Sur Offering Practice Day

Sur Offering Practice Day

9th May, After Sunday Puja
Ritual Offering

 Jigme Tromge Rinpoche will lead the sangha on this day dedicated to sur offerings made for the benefit of all beings, seen and unseen, and in particular for the deceased and those in the lower realms.

WHAT IS SUR?
Special offerings are prepared, traditionally of roasted barley flour (tsampa), yogurt, butter, milk, sugar, molasses, and honey (the three whites and the three sweets), and also pure cotton fabrics. Reciting the prayers and mantra syllables in the sur text, one purifies and consecrates the offering, sprinkles a small amount of it onto a burning coal, and sounds the tingsha (small metal cymbal-like chimes) to summon beings to partake of it. Together, the aroma and the practitioner’s motivation, visualization, and dedication of merit provide an offering that both delights enlightened beings and satisfies all ordinary beings.
In particular, sur offerings nourish those in the bardo, the intermediate state after death. These beings experience hunger and thirst but can be nourished only through their sense of smell. This practice can be done for forty-nine days after someone’s death, with emphasis on dedicating the merit of this virtuous activity for the benefit of the deceased.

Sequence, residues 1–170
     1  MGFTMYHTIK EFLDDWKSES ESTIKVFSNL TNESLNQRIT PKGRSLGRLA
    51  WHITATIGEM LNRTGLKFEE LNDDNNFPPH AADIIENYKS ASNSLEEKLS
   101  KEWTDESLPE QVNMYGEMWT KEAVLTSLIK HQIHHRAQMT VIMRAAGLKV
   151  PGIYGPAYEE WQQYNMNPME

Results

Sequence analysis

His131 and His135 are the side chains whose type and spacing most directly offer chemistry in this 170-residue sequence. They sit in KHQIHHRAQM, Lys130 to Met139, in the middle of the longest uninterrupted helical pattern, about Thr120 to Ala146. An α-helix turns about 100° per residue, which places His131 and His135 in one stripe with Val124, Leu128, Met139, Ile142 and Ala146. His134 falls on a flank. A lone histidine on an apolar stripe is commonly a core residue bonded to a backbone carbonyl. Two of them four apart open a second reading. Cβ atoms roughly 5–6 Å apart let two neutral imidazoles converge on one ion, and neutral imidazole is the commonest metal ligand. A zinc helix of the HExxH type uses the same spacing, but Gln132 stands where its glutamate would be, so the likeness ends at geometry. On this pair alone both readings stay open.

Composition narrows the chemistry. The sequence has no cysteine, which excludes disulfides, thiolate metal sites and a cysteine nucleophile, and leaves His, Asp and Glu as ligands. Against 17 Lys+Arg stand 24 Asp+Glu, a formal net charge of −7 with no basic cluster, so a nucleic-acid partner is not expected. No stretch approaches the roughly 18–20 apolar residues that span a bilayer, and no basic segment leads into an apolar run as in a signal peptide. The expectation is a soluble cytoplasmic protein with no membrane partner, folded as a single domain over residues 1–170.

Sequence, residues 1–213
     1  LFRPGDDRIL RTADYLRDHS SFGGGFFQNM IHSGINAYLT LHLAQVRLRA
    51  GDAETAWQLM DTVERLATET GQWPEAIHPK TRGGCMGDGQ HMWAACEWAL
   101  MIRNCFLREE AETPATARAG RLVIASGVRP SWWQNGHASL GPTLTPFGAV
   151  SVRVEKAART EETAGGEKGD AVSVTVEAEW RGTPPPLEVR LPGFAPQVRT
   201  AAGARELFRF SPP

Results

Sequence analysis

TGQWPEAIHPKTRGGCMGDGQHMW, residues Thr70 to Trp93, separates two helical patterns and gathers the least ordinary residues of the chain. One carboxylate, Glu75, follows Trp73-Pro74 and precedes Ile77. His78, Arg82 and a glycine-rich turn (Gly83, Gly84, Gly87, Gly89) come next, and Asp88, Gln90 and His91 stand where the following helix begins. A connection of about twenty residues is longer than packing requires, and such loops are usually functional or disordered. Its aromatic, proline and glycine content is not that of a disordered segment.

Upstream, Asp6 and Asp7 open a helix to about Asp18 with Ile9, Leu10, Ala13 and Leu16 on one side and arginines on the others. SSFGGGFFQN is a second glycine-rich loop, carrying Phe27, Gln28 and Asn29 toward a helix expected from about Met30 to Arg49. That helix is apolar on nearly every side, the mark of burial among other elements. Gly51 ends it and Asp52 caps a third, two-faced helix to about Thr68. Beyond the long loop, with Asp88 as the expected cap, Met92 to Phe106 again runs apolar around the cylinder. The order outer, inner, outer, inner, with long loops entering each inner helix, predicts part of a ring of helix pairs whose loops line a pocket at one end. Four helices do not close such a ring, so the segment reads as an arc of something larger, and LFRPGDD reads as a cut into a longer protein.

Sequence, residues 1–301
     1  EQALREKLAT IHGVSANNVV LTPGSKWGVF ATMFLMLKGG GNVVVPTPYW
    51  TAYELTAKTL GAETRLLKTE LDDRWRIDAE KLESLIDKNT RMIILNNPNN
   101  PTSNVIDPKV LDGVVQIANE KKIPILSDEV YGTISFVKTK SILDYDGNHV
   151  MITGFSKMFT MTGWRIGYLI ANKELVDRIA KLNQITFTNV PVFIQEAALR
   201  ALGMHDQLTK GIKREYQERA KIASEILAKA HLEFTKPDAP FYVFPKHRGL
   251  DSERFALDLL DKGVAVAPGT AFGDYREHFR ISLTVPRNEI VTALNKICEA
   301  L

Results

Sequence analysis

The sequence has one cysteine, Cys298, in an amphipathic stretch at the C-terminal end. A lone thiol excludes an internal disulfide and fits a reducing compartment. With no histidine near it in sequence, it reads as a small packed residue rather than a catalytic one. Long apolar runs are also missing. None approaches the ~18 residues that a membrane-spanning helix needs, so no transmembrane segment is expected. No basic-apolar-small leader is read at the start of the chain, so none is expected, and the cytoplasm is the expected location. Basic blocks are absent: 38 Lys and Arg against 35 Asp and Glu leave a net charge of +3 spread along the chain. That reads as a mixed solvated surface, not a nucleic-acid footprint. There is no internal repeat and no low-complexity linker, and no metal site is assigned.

HOW DO I PARTICIPATE?
Everyone attending can follow two short Tibetan-English sur texts (by Jigme Lingpa and Chagdud Tulku Rinpoche), and Jigme Rinpoche will also offer brief teachings on the practice. Participants are welcome to add names of the deceased to the list of dedications read. Butterlamp or other offerings can also be made on this occasion, to increase interdependence with the blessings of the practice, whether you attend in person or not.

REGISTRATION REQUIRED — please call the treasurer on 415-663-9421.
However, this event is open to all, free of charge, and no empowerment is needed. Registration is required to allow us to plan for lunch — a simple vegetarian meal will be served, and drinks and snacks will be available through the day.
Children are most welcome — this is a practice in which they can also easily participate for brief periods, and there are dedicated play spaces inside and outside the shrine-room. At the time of registering, please let us know if you plan to bring your children.